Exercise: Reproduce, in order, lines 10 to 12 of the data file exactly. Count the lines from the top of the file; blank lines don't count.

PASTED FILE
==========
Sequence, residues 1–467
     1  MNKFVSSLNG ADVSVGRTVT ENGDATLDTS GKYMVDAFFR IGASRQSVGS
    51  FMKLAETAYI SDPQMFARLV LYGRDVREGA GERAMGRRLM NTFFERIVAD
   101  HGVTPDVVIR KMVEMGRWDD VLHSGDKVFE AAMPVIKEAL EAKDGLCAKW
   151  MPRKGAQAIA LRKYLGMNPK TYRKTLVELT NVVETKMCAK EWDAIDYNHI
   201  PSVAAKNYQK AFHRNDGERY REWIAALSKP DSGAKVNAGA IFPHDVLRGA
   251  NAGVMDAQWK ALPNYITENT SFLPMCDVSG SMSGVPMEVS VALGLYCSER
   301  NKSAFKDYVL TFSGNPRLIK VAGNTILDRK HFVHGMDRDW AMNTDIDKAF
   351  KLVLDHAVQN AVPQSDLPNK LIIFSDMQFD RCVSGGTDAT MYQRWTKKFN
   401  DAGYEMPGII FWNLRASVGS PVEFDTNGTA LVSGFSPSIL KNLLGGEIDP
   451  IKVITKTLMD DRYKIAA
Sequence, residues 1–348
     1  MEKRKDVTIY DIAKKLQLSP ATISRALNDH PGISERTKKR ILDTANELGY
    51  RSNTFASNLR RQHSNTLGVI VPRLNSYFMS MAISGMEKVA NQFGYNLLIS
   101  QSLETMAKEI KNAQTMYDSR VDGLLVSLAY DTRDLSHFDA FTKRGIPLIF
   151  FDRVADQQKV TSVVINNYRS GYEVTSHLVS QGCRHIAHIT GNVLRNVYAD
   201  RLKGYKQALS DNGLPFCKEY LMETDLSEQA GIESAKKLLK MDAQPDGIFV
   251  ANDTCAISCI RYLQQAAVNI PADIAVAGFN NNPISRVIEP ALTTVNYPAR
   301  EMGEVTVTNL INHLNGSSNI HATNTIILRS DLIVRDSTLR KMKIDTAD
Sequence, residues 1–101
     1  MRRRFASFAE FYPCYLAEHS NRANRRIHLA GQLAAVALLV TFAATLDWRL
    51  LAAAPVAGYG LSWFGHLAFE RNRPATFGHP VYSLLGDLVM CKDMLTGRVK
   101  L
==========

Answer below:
   401  DAGYEMPGII FWNLRASVGS PVEFDTNGTA LVSGFSPSIL KNLLGGEIDP
   451  IKVITKTLMD DRYKIAA
Sequence, residues 1–348